I know you are wondering why in the world am I writing a post on John and Jarrod's 2014-2015, 11th grade year when they just crossed the halfway hump of their 2013-2014, 10th grade year.
The first reason is because our homeschool co-op leadership team sent out an email the other day asking what, if anything, we wanted to teach this coming school year (beginning August 2014). I immediately fired back my response. I am hoping to teach Meteorology with a LAB again for 10th-12th grades. While our homeschool co-op has a plethora of sciences, and the mom's willing to teach them, our co-op seems to really appreciate my willingness for something different to choose from, like when a mom steps up to teach Forensics. My meteorology class has a LAB with it which is important for students because our state requires 3 sciences with a LAB plus another science without. It gives students options.
So, anyways, that was the first reason I began looking at the boys' next school year.
Another reason is I am regularly assessing and reassessing their projected high school path. I've created the following spreadsheet with their already-completed year, this year, and their projected classes for the remaining two years all against state requirements.
With this in mind, our plan, and I use that term loosely, because the best laid plans so often change, is shaping up to look something like this:
Literary Lessons from The Lord of the Rings.
I'm really excited about this curriculum. Even more excited, we'll be reading the entire Lord of the Rings trilogy for school credit. You can't beat that!
Saxon Advanced Math. We have had such success with the Saxon Math curriculum each year that I cannot in good conscious, for the benefit of my sons, switch to another curriculum. I think I would be doing them a disservice. Advanced Math covers trigonometry, pre-calculus, logarithms, analytic geometry, and advanced algebraic concepts and will prepare them for Calculus which is the plan for their 12th grade year. We will also use the DIVE DVD for this level math. The DIVE DVDs have been a saving grace.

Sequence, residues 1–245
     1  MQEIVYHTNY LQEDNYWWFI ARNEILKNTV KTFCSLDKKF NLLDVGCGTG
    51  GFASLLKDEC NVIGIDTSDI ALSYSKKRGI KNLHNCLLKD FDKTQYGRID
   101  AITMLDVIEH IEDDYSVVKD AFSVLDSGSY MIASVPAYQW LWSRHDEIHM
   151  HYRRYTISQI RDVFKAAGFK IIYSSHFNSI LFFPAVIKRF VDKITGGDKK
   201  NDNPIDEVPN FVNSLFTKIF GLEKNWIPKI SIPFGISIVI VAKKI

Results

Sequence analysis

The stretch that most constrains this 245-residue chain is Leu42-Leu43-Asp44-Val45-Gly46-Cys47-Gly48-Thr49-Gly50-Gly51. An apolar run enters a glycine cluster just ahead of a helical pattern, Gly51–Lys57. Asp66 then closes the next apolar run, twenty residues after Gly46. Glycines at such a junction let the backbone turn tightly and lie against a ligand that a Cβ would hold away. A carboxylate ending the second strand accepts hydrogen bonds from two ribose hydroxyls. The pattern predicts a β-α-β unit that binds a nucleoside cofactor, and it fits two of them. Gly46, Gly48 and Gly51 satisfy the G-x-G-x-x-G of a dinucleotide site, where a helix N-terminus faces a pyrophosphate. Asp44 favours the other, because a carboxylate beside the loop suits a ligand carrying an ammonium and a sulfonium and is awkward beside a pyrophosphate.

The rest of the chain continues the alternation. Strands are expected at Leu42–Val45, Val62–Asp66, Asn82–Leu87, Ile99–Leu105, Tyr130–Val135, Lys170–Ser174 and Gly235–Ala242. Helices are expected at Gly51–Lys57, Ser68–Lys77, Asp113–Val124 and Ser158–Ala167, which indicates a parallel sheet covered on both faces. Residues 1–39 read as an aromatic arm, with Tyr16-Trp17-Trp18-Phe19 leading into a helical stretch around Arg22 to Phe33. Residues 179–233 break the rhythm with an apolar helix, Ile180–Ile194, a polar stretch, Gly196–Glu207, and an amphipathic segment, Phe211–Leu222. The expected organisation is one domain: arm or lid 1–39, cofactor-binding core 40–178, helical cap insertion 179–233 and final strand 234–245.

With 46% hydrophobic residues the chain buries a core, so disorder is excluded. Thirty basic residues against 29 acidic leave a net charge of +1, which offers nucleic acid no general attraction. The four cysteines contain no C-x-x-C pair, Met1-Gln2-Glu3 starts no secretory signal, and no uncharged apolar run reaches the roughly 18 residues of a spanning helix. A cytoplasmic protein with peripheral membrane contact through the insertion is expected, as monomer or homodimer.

Notgrass' Exploring Government. The boys have been using the U.S. History curriculum of the same company and it is really thorough and well-written curriculum, plus the lady at our homeschool co-op that will be teaching government next year recommends this curriculum and she is phenomenal in government.
U.S. Presidents. I am also creating a curriculum for .5 credit (but, I'll reassess at the end of the year) of U.S. Presidents. While they have had a bit of presidents in their U.S. History course I want them to have a more thorough look at our presidents, their lives, and their impact on our nation.
Meteorology with a LAB. The boys will be taking my Meteorology class with a LAB and all three of us are excited about the possibilities. I use a college-level textbook (an older edition to keep cost down) for the class, mostly because I found no year-long high school meteorology curriculum, while there are several good college-level, introduction to meteorology textbooks. I used this same textbook for my own college, introduction to meteorology class. I created the LABs for the class also.
Total Health + Physical Education class at co-op. This is a tentative curriculum. I am not sure which direction I want to go for their Health and Physical Education credits.
Beth Moore's bible study Daniel, James, Mercy Triumphs, The Beloved Disciple, and Jesus, the One and Only. I have done all of these studies and I already have the CDs for a couple. We will spend time together going through these studies. If we get done with these we'll pick another of Beth's to finish out the year.
The boys will be done with the Eagle project and should be pretty close to Eagle Scout so we'll begin Drivers Education, which will take an entire years worth of lessons according to our states requirements.
All this to say this is what we are looking ahead at completing for their 11th grade year.